One of Mr Scott's letters about the Obelisk duly reached a British Member of the European Parliament, Ms Lyz Lynne MEP, who accordingly wrote to our old friend the Italian Ambassador in London, Luigi Amadizzi. (I write "old friend" because a group of us picketed his Embassy about the Obelisk last year and the year before).
Luigi Amadizzi duly forwarded Lyz Lynne's letter to his boss, the Italian Minister of Foreign Affairs, the Honorable Franco Frattini. - and duly forwarded her the latter's reply, with his "kind regards".
Which brings us to our "tendentious" headline about the Honorable Frattini's support for AFROMET.
Franco Frattini's letter
Franco Frattini's letter, dated 19 February 2003, was accompanied by a "Courtesy Translation", which reads as follows. (I quote it in full).
"I refer to your letter of January 24th last and wish to inform you that in the course of the Cabinet meeting of 19th. 2002, the Italian Government confirmed its commitment to the return of the Axum Obelisk to Ethiopia. The relevant technical and administrative proceedures are currently under way.
"Not many people know that this is an extremely complex operation never attempted before. It needs to be carried out with the utmost care and caution, in accordance with safety proceedures designed to avert any risk to the integrity of an obelisk of such dimensions. The operators are working in close contact with their Ethiopian counterparts to ensure the fullest possible co-operation at each of the operation's stages".
And then, looking in more general perspective, Franco Frattini continues:
"We believe that this operation is of particular significance, not only for the bilateral relations between Italy and Ethiopia, but also in the wider international context, as it sets an example for other countries to follow, if they are so inclined.
"With the hope that other countries will follow in our footsteps, I avail myself of this opportunity to send you my kindest regards.
[signed] "Franco Frattini".
So there you have it: Franco Frattini expresses the "hope that other countries will follow on our footsteps", i.e. the footsteps of Italy in returning the Aksim Obelisk.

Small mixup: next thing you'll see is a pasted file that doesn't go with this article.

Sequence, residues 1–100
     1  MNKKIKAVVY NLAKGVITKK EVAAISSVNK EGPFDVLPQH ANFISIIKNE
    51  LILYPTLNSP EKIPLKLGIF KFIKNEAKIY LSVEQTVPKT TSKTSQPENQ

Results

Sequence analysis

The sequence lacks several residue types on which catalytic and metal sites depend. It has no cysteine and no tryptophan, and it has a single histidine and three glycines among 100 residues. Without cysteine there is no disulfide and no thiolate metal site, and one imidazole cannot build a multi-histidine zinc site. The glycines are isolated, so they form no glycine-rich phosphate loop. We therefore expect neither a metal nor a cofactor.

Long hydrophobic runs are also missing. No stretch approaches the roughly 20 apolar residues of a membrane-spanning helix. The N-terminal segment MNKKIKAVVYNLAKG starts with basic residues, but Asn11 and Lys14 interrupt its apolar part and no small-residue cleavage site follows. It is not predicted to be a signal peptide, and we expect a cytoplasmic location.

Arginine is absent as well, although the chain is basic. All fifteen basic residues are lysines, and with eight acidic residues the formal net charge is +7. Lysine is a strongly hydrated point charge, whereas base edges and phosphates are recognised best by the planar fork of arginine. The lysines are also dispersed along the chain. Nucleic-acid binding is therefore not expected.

Our essay's headline about the Italian Foreign Minister supporting AFROMET is thus perhaps not so "tendentious" after all!
And if Franco Frattini, or anyone else for that matter, wants to know about AFROMET's position they could consult the organisation's submission to the British Parliament, published in the [British] House of Commons Culture, Media and Sport Committee's Seventh Report on CULTURAL PROPERTY: RETURN AND ILLICIT TRADE, Volume III, Appendices to the Minutes of Evidence, piblished by the British Stationery Office in London, in 2000, pages 354-8, as well as the Memorandum of the Ethiopian World Federation in the same volume, on page 289.
Professor Sven Rubenson
Since the Honorable Frattini is good enough to express his hope that "other countries will follow in our footsteps" we see him as a man of vision. If he is to use it we would appeal that Italy herself should take one further step by returning the Ethiopian aeroplane Tsehai, as well as the residue of the pre-war Ethiopian Ministry of the Pen archives, still in Rome, about which our old friend the Swedish Professor of Ethiopian history, Sven Rubenson, promises to send ADDIS TRIBUNE an article in the near future.
Or is this too much to ask?